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Terrazzano: Members of Parliament paid thousands more but sitting less

OTTAWA, ON: As Parliament resumes next week, the Canadian Taxpayers Federation released analysis showing that member of Parliament pay has increased by thousands of dollars over the last 10 years despite sitting less days.

“Canadians are paying politicians more than ever, but are we getting better performance?” asked Franco Terrazzano, Federal Director with the CTF. “Taxpayers expect their MPs to deliver accountability. But politicians are spending significantly less time in the House of Commons debating policies and expect taxpayers to pay their higher salaries.”

The CTF’s analysis examines House of Commons sitting days over 10 years. This year, the House is scheduled to sit 33 less days than 10 years ago. In 2012, the House sat for 129 days. In 2021, the House will sit for 96 days. This year is the third year in a row that the House will sit for less than 100 days. The 2011 election year included more sitting days than each of the last three years (2019-2021).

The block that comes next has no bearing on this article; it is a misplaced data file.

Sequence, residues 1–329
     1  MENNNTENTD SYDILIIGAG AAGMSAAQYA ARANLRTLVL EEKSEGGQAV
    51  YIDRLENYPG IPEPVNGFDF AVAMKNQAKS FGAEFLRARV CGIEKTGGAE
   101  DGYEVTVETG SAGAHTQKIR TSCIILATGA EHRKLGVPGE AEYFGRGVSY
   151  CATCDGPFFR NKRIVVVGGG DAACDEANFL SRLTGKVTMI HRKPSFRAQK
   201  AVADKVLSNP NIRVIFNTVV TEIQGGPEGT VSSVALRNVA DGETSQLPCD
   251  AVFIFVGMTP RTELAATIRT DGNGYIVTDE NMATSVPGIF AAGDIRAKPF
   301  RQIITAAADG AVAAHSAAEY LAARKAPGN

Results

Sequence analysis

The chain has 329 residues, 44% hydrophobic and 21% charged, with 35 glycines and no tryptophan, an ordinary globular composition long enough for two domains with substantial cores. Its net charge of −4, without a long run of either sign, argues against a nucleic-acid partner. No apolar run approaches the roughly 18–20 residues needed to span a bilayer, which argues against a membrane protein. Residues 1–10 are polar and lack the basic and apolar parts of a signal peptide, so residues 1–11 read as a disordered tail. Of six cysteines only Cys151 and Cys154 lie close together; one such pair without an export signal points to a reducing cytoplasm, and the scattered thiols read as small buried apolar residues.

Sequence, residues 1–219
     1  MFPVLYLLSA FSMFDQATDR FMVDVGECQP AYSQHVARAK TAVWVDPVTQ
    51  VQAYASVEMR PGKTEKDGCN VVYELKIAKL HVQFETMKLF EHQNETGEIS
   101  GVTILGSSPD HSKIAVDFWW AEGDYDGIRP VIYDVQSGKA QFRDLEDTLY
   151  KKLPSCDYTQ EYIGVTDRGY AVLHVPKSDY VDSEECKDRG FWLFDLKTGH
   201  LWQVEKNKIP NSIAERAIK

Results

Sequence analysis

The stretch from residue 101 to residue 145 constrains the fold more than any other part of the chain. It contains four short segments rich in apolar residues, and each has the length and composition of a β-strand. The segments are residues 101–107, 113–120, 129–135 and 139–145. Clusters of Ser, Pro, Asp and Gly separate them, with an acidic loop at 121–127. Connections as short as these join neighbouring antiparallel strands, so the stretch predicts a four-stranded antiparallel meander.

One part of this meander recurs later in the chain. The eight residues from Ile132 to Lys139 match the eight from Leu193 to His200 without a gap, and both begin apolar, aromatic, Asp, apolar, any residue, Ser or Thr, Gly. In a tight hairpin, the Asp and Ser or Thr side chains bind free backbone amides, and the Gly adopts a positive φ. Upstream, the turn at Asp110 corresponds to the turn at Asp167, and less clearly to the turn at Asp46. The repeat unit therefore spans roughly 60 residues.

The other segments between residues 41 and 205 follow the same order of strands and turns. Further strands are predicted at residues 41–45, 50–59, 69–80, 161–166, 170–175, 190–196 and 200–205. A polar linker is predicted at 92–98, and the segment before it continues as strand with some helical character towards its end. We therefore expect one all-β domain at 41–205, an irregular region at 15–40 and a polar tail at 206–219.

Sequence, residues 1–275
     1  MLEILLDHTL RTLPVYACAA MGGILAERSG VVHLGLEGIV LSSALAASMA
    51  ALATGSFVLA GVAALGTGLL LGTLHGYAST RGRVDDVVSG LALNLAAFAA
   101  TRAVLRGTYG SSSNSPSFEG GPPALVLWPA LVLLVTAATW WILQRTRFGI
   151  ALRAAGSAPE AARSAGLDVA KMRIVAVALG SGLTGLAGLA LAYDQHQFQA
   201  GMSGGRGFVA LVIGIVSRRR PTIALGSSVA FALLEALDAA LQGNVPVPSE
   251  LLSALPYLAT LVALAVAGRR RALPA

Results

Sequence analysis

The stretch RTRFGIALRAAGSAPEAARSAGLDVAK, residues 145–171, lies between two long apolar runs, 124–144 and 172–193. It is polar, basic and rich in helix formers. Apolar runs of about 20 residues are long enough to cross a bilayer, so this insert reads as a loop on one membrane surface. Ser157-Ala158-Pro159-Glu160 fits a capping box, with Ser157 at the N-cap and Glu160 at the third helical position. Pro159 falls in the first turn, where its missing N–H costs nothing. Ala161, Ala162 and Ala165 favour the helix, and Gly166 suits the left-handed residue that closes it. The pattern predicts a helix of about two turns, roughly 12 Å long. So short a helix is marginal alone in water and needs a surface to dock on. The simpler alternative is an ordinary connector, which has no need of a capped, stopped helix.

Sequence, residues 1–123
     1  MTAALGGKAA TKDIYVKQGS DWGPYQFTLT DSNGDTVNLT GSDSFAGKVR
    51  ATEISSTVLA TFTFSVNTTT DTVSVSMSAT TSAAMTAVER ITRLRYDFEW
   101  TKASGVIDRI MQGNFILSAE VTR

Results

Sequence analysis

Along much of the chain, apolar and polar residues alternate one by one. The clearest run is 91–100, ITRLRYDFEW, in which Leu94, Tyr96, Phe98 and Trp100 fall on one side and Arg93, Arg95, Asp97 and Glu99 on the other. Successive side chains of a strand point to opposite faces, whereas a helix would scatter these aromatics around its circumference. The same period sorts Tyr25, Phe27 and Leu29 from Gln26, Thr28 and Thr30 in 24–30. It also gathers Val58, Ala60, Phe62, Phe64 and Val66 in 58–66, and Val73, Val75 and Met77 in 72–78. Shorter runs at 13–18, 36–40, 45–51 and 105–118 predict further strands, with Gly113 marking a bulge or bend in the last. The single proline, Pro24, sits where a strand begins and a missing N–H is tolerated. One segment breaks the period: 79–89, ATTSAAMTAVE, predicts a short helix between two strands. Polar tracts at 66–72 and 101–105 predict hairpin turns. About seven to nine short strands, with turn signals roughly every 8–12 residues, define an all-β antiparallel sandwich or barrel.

“Between 1945 and 1975, the House of Commons sat 138 days per year on average,” according to analysis from the Globe and Mail. "However since then, the House of Commons has sat 123 days per year on average. After the Trudeau Liberals formed government in the fall of 2015, the House has sat for 105.6 days on average during the five full calendar years it has been in power (2016-2020).”

Despite sitting for fewer days, MP are receiving significantly more money. Over the last 10 years, the prime minister’s annual salary has increased by $54,560, ministers are receiving $40,094 more and backbench MPs are receiving $27,280 more. The comparison between sitting days and MP pay is illustrated in the table at the end of the news release.

MPs received two pay raises during the pandemic. MPs are scheduled to receive another pay raise on April 1, 2022. The federal government stopped the annual pay raises between 2010 and 2013 in response to the 2008-09 recession.

“MPs pocketing two pay raises during the pandemic is a slap in the face to the millions of Canadians struggling through COVID-19,” said Terrazzano. “It shouldn’t be rocket science and taxpayers expect our politicians to do the right thing and reverse their pandemic pay raises when Parliament resumes.”

Sitting days vs MP salaries

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